I is for Isopod Facts, Tongue-Eating Louse, A-Z Collection of Cool Animals Challenge

I is for Isopod Facts – Tongue-Eating Louse, A-Z Animals

Isopod Facts, Tongue-Eating Louse

A-Z Collection of Cool Animals Challenge

A-Z Collection of Cool Animals April 2015 Challenge

I is for Isopod Facts

Today I bring you the following Isopod facts for your, uh, enjoyment.  Eww?  What a bizarre creature!

The tongue-eating louse, or Isopod, is a strange white parasitic crustacean of the Cymothoidae family, best known for eating a host fish’s tongue, and then replacing it with itself, acting like a new tongue.


I is for Isopod Facts, Tongue-Eating Louse, A-Z Collection of Cool Animals Challenge

Isopod Facts

  • The tongue-eating louse enters the fish through the gills.
  • After attaching itself to the fish’s tongue, the parasite feeds on the tongue’s blood, extracting it with its front claws. This causes the fish’s tongue to atrophy from lack of blood.
  • The isopod then attaches itself to the stub of what remains of the tongue, and then becomes the fish’s new tongue.
  • If that isn’t strange enough, the fish will then go on doing what it’s always done — living an apparently normal life, using the louse just like a normal tongue, and grinding food against its teeth on the roof of the mouth.
  • Once the tongue is replaced, the louse will feed on the host’s blood or mucus. Other than replacing the fish’s tongue, it doesn’t appear that any other damage is caused to the host.
  • The tongue-eating louse is currently the only known parasite to replace a host’s organ in its entirety with itself.

Isopod Facts

  • The tongue-eating louse is commonly found from the Gulf of California south to north of the Gulf of Guayaquil, Ecuador. It has been recorded in waters ranging from 6 ft 7 in (2 meters) to almost 200 ft (60 m) deep.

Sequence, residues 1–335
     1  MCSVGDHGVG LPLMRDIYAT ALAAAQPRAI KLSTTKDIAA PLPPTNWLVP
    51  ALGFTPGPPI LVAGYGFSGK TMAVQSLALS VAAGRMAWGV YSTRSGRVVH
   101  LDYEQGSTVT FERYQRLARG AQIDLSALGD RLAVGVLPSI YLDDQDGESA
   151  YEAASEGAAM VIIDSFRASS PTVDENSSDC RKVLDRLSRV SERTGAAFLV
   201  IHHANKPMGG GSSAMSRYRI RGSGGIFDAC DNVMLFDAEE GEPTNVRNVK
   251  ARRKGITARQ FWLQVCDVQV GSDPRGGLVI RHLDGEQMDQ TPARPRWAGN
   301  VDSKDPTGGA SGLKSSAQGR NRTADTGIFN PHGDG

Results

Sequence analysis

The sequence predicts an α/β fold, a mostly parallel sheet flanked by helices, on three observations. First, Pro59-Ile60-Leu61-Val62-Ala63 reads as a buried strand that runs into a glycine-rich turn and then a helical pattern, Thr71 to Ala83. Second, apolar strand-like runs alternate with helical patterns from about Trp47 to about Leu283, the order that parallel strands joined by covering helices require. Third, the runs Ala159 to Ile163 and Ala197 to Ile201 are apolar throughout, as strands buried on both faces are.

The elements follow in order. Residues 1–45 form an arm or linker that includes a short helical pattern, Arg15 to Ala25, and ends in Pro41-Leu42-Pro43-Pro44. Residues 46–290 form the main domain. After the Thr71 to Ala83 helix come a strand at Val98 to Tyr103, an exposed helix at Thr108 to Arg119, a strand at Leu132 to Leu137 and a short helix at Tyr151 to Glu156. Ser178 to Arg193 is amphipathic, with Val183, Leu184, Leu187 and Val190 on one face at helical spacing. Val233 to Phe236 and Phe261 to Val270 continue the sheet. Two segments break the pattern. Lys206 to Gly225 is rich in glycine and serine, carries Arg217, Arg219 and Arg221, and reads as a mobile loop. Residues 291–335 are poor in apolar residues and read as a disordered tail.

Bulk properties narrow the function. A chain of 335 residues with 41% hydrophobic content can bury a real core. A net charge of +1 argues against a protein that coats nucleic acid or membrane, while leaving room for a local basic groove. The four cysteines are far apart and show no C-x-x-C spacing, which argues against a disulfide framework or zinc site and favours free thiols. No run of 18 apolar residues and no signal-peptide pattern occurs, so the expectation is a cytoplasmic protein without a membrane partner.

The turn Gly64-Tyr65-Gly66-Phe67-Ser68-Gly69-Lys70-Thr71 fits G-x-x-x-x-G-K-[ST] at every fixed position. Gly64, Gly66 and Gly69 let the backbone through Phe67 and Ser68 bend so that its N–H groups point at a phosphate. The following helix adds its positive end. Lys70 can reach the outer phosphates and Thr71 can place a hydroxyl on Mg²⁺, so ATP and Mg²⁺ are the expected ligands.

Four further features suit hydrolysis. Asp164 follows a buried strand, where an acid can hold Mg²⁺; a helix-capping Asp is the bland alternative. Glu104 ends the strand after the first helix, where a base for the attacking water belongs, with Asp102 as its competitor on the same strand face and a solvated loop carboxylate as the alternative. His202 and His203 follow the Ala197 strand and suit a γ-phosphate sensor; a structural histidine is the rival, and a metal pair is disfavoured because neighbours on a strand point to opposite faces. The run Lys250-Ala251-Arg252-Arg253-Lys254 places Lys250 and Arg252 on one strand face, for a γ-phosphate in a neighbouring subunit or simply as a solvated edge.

• Female Isopods range from 0.3–1.1 inches (8-29 mm) long and 0.16–0.55 inches (4–14 mm) wide.
  • The males measure 0.3–0.6 inches (7.5–15 mm) long and 0.12–0.28 inches (3–7 mm) wide.

Isopod Facts, Tongue-eating Louse

It is believed that this strange little creature is not harmful or poisonous to humans, although the louse can bite if picked up alive.

Sources for Isopod FactsWiki

Images:  RachaelB

Video: Animal Wire



I hope you have enjoyed, “ I is for Isopod Facts, the Tongue-Eating Louse

You might also enjoy, “Weird Things About Sawfish – Images and Video


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Jeanne Melanson

Owner at Animal Bliss
Born in Nova Scotia, I moved to the United States 20+ years ago.I am a dedicated lover of animals and fight for their rights and protection.I love people too, of course, and enjoy meeting folks from all walks of life.I enjoy philosophical discussion, laughing, and really odd ball stuff.I hope you enjoy my site.Leave me a comment to let me know you were here!Peace out.
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12 thoughts on “I is for Isopod Facts – Tongue-Eating Louse, A-Z Animals

  1. These are so cool! Kinda of freaky looking, but very fascinating. I’ve never seen anything like it, but am always surprised by all nature has to offer!

    • They pretty wild, aren’t they, Jessica? Freaky looking indeed. I sure wouldn’t want them in my mouth. Nature sure is grand. Hey, thanks so much for stopping by! I do appreciate your visit and hope you’ll come back soon. 🙂

  2. Omg. Wow. Thats so freaky. Wow. Love all the interesting animal facts and wow some cool and yucky ones. Lol love the site

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